Please ensure Javascript is enabled for purposes of website accessibility

Ahead of Launch, Apple HomePod Reviews Aren't Great

By Evan Niu, CFA - Feb 7, 2018 at 10:00PM

You’re reading a free article with opinions that may differ from The Motley Fool’s Premium Investing Services. Become a Motley Fool member today to get instant access to our top analyst recommendations, in-depth research, investing resources, and more. Learn More

The Mac maker is needlessly but expectedly limiting its market.

Following a delay last year, Apple (AAPL 2.45%) will launch its HomePod on Friday. The $350 smart speaker represents the Mac maker's first foray into the growing smart speaker market, which is poised to get even bigger in 2018. Ahead of the launch, reviews have started to hit the internet. They're mostly confirming what some have been expecting all along: HomePod has incredible audio quality, but Siri simply can't compete with other virtual assistants.

Can HomePod make a dent in the smart speaker market?

HomePod with album covers in the background

Image source: Apple.

Audio quality is great, but that's about it

The Verge notes that the audio engineering that went into HomePod is downright impressive, creating three virtual sound beams that the device uses for ambient and direct sounds. The resulting audio quality is indeed superior to just about every other competing smart speaker, which TechCrunch agrees with. The reviews from BuzzFeed and CNET are also worth checking out, and mostly come away with the same conclusions.

Unfortunately, most average consumers are unlikely to be able to discern the incremental difference, particularly after factoring in the premium price tag. Sonos now sells two units of its new Sonos One for the same $350, and offers audio quality that is nearly as good. Amazon.com's new flagship Echo costs just $100, although Alphabet subsidiary Google is selling its Google Home Max at an even higher price point of $400.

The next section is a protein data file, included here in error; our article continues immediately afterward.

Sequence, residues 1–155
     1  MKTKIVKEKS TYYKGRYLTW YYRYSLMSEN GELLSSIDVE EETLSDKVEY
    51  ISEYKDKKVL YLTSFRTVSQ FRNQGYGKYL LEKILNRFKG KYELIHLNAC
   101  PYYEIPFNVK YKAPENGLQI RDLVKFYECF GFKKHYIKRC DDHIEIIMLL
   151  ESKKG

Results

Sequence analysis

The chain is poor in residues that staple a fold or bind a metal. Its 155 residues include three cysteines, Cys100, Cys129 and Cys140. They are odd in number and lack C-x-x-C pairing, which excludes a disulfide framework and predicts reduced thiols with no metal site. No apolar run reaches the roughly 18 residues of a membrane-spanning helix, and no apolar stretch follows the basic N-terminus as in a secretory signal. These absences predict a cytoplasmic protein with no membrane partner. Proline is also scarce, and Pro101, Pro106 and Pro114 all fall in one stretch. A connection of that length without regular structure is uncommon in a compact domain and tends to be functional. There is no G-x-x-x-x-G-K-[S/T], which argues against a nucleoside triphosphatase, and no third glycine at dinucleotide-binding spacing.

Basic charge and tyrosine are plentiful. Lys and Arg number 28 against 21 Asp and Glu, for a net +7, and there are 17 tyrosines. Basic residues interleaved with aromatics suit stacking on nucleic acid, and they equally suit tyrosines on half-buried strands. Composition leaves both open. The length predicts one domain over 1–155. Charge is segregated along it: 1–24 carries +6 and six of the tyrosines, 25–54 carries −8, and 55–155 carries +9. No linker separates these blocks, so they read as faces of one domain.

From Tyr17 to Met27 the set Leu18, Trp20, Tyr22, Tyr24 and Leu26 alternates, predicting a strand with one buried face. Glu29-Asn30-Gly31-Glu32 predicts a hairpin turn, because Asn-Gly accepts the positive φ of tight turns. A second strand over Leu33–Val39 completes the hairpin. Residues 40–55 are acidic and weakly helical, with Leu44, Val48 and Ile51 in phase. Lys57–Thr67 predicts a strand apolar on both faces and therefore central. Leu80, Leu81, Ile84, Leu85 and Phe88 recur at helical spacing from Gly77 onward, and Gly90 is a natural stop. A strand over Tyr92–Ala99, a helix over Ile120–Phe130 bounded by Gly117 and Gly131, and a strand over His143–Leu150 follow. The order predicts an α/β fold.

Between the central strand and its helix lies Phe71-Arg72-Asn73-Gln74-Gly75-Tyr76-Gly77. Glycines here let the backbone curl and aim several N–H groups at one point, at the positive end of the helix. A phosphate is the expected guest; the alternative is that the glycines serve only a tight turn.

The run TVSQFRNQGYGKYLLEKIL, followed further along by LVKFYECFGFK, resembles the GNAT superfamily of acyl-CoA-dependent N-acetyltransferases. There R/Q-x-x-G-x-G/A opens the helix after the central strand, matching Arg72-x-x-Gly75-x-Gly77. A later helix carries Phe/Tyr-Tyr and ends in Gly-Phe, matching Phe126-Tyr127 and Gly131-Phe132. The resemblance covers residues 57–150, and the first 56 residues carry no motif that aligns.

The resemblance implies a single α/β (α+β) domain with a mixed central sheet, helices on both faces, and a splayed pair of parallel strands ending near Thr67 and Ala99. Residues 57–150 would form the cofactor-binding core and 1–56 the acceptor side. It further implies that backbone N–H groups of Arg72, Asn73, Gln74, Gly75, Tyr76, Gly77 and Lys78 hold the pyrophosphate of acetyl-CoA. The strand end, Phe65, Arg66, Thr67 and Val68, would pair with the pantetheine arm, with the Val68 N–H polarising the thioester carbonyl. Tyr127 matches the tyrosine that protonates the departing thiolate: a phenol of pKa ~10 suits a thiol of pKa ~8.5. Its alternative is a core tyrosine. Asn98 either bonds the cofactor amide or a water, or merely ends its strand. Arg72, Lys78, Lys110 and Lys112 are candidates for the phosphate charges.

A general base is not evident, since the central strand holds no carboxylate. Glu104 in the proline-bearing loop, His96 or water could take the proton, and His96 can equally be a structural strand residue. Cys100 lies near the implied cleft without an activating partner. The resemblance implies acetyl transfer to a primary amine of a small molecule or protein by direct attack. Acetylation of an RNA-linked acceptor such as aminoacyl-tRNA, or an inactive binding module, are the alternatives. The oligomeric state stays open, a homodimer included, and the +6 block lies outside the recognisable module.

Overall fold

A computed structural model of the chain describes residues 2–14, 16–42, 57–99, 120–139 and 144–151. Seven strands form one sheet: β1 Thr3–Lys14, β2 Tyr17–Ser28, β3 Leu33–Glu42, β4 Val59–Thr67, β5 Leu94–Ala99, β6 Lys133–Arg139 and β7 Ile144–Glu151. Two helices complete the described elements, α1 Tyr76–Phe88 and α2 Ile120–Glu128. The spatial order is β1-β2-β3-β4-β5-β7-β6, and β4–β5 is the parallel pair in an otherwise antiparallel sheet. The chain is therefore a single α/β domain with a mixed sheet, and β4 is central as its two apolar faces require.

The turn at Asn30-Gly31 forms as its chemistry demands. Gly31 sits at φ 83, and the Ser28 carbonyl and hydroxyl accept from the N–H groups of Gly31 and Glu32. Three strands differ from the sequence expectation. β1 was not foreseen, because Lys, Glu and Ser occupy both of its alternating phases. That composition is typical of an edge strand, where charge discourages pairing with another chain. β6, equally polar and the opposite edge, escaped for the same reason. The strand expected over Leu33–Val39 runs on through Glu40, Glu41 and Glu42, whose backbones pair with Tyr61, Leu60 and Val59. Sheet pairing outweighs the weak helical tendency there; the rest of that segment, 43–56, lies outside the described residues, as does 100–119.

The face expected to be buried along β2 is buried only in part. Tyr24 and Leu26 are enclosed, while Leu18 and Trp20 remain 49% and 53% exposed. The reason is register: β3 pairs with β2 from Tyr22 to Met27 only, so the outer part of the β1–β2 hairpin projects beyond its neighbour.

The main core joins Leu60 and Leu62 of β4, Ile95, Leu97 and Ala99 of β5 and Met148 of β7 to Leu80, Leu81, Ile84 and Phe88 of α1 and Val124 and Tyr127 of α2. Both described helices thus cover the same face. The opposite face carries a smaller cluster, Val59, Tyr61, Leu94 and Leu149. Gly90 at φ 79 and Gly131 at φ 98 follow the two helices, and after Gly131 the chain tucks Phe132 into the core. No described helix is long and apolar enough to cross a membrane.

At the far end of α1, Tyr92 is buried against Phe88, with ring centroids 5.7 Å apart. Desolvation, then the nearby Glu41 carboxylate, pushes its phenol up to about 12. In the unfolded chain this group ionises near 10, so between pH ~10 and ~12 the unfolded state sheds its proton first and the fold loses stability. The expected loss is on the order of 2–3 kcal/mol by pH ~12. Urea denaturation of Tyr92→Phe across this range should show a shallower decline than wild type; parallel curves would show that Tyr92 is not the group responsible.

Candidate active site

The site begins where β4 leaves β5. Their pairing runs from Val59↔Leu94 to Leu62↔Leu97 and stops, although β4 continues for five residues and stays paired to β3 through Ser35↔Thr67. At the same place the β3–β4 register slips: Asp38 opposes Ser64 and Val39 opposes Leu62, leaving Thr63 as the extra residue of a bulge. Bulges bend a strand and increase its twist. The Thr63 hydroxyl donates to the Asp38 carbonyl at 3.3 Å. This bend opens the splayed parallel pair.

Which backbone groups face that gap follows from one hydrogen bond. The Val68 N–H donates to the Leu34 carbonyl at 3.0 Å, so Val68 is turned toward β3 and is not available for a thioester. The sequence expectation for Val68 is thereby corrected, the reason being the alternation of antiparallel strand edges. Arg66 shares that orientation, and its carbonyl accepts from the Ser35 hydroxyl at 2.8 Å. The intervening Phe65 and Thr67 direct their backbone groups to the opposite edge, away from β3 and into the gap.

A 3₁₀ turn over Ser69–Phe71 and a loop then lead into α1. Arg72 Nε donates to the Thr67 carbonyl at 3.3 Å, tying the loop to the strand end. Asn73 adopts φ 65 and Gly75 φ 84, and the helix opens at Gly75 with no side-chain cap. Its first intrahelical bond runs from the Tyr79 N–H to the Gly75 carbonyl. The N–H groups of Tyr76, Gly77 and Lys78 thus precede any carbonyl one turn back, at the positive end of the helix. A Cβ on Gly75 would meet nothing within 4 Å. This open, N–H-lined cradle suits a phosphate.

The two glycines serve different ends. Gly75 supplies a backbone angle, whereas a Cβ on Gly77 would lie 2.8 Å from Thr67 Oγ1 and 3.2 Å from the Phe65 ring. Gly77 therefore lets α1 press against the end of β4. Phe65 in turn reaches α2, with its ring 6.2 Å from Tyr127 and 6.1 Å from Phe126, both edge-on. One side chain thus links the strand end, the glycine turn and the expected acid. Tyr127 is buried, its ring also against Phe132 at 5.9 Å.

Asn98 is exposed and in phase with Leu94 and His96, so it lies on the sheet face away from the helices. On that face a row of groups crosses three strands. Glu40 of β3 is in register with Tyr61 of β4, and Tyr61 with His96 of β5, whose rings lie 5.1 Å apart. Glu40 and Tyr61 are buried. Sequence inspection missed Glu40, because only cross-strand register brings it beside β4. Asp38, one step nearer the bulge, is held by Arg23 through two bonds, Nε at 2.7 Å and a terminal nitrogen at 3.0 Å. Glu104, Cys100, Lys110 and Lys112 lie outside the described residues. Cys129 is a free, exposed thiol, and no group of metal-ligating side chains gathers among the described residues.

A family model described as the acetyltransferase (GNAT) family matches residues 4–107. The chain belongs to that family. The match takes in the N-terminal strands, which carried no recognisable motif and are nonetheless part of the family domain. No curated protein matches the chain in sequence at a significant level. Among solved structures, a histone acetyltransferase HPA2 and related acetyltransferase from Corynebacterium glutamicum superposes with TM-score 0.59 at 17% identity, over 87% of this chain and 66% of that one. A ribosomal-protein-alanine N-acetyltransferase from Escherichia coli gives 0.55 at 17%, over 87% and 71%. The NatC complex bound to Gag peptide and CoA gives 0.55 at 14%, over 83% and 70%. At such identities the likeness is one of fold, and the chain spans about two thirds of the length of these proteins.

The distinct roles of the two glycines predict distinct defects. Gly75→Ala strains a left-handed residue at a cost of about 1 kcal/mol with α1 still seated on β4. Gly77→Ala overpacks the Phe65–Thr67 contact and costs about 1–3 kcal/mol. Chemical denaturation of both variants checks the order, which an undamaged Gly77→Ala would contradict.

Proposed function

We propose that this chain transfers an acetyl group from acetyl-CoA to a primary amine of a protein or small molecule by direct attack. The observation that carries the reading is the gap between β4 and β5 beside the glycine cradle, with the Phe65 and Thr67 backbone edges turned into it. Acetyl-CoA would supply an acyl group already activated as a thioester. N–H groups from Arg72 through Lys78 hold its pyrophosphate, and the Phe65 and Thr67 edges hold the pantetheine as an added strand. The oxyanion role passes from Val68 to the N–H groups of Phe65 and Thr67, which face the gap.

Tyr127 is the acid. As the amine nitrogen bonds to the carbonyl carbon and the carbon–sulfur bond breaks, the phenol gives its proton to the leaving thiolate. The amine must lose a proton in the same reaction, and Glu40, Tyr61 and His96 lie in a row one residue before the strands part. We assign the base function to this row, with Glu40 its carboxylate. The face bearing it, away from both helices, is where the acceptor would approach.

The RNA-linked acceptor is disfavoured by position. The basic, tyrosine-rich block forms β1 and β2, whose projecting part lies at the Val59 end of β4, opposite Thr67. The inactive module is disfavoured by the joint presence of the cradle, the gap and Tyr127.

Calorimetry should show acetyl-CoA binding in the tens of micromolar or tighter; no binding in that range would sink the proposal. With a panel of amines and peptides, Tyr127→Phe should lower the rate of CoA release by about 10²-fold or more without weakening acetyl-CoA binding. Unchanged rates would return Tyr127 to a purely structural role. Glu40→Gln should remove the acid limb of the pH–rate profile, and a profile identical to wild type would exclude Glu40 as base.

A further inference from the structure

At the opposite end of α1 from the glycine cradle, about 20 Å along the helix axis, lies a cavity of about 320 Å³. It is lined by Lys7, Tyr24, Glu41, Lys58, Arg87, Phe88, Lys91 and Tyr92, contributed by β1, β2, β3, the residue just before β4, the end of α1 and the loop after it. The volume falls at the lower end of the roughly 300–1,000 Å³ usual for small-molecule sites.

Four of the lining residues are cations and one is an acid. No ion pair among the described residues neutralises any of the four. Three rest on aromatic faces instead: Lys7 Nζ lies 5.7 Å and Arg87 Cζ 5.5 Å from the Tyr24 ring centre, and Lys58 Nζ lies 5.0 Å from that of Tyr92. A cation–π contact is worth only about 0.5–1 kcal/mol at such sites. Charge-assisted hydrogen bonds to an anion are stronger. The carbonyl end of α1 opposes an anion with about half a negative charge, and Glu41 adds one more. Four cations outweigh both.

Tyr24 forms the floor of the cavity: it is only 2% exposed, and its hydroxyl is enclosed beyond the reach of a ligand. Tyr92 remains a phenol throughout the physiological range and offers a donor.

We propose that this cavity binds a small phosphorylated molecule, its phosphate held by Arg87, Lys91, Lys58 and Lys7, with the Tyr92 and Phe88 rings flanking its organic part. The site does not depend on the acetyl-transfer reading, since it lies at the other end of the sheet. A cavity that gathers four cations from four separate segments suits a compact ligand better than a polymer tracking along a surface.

This marks the second time that Apple has bet big on high-fidelity audio. The company's last attempt, the iPod Hi-Fi, flopped badly, and it remains to be seen if HomePod can redeem Apple.

Limiting the market

Apple is expectedly limiting HomePod to only support Apple Music and iOS devices, as the company continues to aggressively grow its music-streaming service, which now has 36 million paid subscribers. Within the U.S., which is both the largest smart-speaker market and largest music-streaming market, Apple may even overtake Spotify as early as this summer, based on current trajectories.

But that effectively precludes large swaths of the market -- specifically, anyone with an Android phone or anyone that prefers Spotify as their music streaming service. These are standard moves out of Apple's playbook, but Apple is already facing an uphill battle against the competition. These strategic choices may ultimately end up hindering HomePod sales. Of course, Apple has a massive and loyal user base to sell HomePod into.

HomePod will presumably be included in Apple's "Other products" segment, which generated $14.3 billion in revenue last year and is currently being driven by Apple Watch. If Apple is hoping that HomePod will help it catch up in smart speakers and the smart home, it could be sorely mistaken.

Invest Smarter with The Motley Fool

Join Over 1 Million Premium Members Receiving…

  • New Stock Picks Each Month
  • Detailed Analysis of Companies
  • Model Portfolios
  • Live Streaming During Market Hours
  • And Much More
Get Started Now

Stocks Mentioned

Apple Inc. Stock Quote
Apple Inc.
AAPL
$141.66 (2.45%) $3.39

*Average returns of all recommendations since inception. Cost basis and return based on previous market day close.

Related Articles

Motley Fool Returns

Motley Fool Stock Advisor

Market-beating stocks from our award-winning analyst team.

Stock Advisor Returns
336%
 
S&P 500 Returns
115%

Calculated by average return of all stock recommendations since inception of the Stock Advisor service in February of 2002. Returns as of 06/26/2022.

Discounted offers are only available to new members. Stock Advisor list price is $199 per year.

Premium Investing Services

Invest better with The Motley Fool. Get stock recommendations, portfolio guidance, and more from The Motley Fool's premium services.